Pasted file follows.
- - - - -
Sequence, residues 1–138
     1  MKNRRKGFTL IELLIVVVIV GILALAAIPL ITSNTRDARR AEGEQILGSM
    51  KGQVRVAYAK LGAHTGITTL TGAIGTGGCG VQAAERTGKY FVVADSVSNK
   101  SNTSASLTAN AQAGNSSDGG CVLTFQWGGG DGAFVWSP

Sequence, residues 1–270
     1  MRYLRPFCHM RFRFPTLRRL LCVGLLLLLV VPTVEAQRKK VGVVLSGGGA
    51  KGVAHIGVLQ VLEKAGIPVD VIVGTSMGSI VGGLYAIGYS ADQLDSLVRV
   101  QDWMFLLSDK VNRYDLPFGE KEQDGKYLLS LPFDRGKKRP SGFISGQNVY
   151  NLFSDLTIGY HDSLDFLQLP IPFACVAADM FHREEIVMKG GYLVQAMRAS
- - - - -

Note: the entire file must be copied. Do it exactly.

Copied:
Sequence, residues 1–138
     1  MKNRRKGFTL IELLIVVVIV GILALAAIPL ITSNTRDARR AEGEQILGSM
    51  KGQVRVAYAK LGAHTGITTL TGAIGTGGCG VQAAERTGKY FVVADSVSNK
   101  SNTSASLTAN AQAGNSSDGG CVLTFQWGGG DGAFVWSP

Sequence, residues 1–270
     1  MRYLRPFCHM RFRFPTLRRL LCVGLLLLLV VPTVEAQRKK VGVVLSGGGA
    51  KGVAHIGVLQ VLEKAGIPVD VIVGTSMGSI VGGLYAIGYS ADQLDSLVRV
   101  QDWMFLLSDK VNRYDLPFGE KEQDGKYLLS LPFDRGKKRP SGFISGQNVY
   151  NLFSDLTIGY HDSLDFLQLP IPFACVAADM FHREEIVMKG GYLVQAMRAS